THE IMMORTAL MEMORY OF

THE DESMONDS, THE O'NIALS, THE O'DONNELS, THE

o'MOORES, THE PRESTONS, THE MOUNTGARRETS,

THE CASTLEHAVENS, THE FITZGERALDS,

THE SHEARESES, THE TONES,

THE EMMETTS,

AND

THE MYRIADS OF ILLUSTRIOUS IRISHMEN,

WHO SACRIFICED LIFE OR FORTUNE,

IN THE UNSUCCESSFUL EFFORT TO EMANCIPATE A COUNTRY

ENDOWED BY HEAVEN

WITH AS MANY AND AS CHOICE BLESSINGS

AS ANY PART OF THE TERRAQUEOUS GLOBE,

BUT, FOR AGES, A HOPELESS AND HELPLESS VICTIM

TO A FORM OF GOVERNMENT

TRANSCENDENTLY PERNICIOUS.

Philadelphia, March 6, 1819.

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To enable any reader, who may feel so disposed, to verify the facts and quota.

tions in this work, I annex a List of the Authors, with the dates of the several editions. Having, to avoid encumbering the bottoms of the pages with tedious repetitions of the titles of works, generally referred to the author's names, this list furnishes a key to the references.

Burke. Works of the Right Hon. Edmund Burke. 6 vols. 8vo. Boston, 1807.
Borlase. History of the Execrable Irish Rebellion. Folio. London, 1680.
Burnet. Bishop Burnet's History of His Own Times. 2 vols. folio. London,

1724.
Burton. History of the Kingdom of Ireland. By R. Burton. Westminster,

1811.
Baker. Chronicles of the Kings of England. Folio. London, 1670.
Carleton. A Thankful Remembrance of God's Mercy. By George, Bishop of

Chichester. 8vo. London, 1630.
Cabala Cabala : Sive Scrinia Sacra, Mysteries of State and Government.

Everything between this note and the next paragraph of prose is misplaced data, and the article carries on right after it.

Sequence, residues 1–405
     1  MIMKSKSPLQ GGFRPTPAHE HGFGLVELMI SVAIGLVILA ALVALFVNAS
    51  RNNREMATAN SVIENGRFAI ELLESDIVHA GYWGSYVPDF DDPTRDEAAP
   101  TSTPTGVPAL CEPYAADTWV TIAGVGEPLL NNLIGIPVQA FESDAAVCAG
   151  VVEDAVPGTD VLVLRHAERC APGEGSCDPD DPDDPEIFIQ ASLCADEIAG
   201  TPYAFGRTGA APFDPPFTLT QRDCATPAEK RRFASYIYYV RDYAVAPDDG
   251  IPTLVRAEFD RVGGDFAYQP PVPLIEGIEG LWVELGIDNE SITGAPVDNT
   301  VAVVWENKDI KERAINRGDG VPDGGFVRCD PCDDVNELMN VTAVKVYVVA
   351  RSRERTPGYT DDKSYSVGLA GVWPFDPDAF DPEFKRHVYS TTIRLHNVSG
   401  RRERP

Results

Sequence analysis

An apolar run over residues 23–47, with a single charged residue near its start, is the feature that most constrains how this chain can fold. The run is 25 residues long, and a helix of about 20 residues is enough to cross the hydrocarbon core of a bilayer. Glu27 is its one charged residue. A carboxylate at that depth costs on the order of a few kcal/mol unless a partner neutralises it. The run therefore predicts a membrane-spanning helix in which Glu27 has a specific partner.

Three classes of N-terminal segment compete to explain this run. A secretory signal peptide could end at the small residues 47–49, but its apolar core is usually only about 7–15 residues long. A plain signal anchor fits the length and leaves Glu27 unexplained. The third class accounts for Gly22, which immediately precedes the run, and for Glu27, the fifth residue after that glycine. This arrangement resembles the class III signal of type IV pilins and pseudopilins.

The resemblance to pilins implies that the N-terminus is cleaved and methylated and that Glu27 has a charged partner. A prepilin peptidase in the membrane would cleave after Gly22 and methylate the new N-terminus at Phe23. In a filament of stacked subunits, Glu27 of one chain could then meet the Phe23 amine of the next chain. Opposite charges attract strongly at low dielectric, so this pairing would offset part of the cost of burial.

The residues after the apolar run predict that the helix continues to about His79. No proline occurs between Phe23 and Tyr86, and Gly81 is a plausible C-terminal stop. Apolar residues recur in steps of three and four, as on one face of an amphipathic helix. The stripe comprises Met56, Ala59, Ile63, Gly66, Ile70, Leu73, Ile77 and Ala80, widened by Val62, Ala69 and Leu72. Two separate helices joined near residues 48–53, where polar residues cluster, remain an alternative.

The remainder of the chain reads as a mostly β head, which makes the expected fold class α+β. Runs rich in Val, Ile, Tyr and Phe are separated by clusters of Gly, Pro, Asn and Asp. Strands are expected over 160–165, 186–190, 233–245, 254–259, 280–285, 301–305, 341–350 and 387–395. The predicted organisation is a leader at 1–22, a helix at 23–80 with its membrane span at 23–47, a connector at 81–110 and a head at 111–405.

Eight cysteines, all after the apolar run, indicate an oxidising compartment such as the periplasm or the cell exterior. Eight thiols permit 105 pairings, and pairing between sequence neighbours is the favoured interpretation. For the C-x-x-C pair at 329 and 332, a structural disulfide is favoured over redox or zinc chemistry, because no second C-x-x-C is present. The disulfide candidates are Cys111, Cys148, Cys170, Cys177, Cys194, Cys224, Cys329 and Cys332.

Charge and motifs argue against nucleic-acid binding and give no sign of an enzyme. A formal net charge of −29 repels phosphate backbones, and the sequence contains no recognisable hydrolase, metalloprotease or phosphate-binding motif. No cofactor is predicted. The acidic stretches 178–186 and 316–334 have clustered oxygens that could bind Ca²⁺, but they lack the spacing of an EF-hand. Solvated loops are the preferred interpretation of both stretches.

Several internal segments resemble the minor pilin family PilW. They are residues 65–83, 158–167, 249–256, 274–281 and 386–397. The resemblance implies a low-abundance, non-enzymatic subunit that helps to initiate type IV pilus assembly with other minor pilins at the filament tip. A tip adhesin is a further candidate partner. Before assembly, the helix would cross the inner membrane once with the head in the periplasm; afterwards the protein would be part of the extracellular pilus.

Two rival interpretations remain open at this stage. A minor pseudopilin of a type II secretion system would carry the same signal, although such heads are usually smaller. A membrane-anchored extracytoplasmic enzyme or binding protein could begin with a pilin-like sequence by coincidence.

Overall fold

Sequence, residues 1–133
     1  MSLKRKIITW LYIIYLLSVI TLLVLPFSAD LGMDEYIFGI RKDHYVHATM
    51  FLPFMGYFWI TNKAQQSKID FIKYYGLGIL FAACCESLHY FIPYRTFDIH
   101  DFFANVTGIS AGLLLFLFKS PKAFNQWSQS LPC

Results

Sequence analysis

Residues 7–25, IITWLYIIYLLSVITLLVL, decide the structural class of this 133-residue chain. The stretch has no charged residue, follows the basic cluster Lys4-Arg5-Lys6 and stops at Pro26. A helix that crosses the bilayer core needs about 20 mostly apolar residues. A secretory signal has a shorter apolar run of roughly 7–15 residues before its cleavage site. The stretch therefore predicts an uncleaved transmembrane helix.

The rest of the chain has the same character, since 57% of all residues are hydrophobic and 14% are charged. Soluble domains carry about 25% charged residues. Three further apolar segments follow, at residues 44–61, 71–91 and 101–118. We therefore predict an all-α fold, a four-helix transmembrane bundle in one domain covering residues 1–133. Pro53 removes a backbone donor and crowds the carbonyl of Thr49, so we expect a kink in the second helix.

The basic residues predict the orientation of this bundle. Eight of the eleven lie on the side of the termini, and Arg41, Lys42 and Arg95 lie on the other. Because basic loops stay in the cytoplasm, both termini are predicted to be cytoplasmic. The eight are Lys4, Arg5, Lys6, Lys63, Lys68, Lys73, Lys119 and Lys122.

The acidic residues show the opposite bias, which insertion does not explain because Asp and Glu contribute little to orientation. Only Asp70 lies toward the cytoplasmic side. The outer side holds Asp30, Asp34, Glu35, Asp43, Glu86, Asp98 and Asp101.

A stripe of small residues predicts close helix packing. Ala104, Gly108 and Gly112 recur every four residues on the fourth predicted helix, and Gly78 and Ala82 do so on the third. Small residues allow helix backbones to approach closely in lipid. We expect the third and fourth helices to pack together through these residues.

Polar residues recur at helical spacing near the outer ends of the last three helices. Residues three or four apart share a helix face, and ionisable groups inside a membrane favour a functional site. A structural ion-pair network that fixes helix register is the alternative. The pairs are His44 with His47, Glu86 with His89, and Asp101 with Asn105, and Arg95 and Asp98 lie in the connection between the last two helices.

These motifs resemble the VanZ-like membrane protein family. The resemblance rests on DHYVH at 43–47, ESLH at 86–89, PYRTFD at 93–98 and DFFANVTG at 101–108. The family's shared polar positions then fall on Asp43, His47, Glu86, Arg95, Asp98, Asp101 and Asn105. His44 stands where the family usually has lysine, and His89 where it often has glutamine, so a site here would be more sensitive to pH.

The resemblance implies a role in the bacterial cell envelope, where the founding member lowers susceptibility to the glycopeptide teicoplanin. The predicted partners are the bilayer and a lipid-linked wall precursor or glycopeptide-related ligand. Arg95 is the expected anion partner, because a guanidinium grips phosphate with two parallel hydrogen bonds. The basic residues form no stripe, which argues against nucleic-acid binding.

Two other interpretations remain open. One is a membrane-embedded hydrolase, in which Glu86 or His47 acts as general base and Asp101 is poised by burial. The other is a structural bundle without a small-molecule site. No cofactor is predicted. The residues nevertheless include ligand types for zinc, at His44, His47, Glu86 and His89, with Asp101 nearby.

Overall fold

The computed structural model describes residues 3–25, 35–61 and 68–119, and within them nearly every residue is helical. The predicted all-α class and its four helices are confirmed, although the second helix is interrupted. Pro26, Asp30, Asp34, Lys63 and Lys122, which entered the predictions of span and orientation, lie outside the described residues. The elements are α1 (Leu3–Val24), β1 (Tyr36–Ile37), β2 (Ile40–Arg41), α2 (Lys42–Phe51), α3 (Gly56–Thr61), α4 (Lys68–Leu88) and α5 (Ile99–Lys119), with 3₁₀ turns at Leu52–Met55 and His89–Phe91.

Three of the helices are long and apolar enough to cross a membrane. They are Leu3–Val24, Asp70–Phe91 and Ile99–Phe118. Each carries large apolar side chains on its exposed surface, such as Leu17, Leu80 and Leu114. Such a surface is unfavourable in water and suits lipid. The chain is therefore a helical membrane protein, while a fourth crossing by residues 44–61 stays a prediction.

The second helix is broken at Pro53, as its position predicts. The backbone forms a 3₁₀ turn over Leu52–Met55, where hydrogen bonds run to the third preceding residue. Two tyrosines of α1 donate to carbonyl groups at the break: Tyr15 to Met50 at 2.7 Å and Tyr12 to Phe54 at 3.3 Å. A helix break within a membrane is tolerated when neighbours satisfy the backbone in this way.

Folio. London, 1683.
Curry. An Historical and Critical Review of the Civil Wars in Ireland.

By John Curry, M. D. 2 vols. 8vo. Dublin, 1786.
Clarendon. History of the Rebellion and Civil Wars in England. By the

Earl of Clarendon. 6 vols. 8vo. Oxford, 1707.
Clarendon': I. History of the Rebellion and Civil Wars of Ireland. By the

Earl of Clarendon. 8vo. London, 1720.
Clarendon's S. P. State Papers. By the Earl of Clarendon. 2 vols. folio.

Oxford, 1773.
Crawford. History of Ireland, from the Earliest Period to the Present Time.

By William Crawford. 2 vols. 8vo. Strabane, 1783.
Carte. History of the Life of James, Duke of Ormond. 3 vols. folio. London,

1736.
Cor. Hibernia Anglicana: or the History of Ireland. By Richard Cox, Esqr.

London, 1689
Davies. Historical Tracts. By Sir John Davies, Attorney-General in Ireland.

8vo. Dublin, 1787.
Daniel. The Collection of the History of England. By Samuel Daniel. Folio.

London, 1650.
Derry. Irish Historical Library. By William, Lord Bishop of Derry. 8vo.

Dublin, 1724.
Esser. Letters written by His Excellency Arthur Capel, Earl of Essex, Lord

Lieutenant of Ireland. 4to. London, 1770.
Frankland. Annals of King James and Charles I. Folio. London, 1681.
Gordon. History of Ireland, from the earliest Accounts to the Union. By the

Rev. James Gordon. 2 vols. 8vo. London, 1806.
Hibernica. Harris's Hibernica: or, Some Ancient Pieces respecting Ireland.

8vo. Dublin, 1770.
Harris. History and Antiquities of the City of Dublin. By William Harris.

8vo. London, 1776.
Hollinshed. Chronicles of England, Ireland, and Scotland. 6 vols. 4to. Lon.

don, 1807
Hume. History of England. By David Hume. 6 vols. 8vo. Albany, 1816.
Theme': E. Hume's Essays. 2 vols. 8vo. Philadelphia, 1817.
Journals. Journals of the House of Commons of England. Folio.

The Irish Journals are referred to in page 159.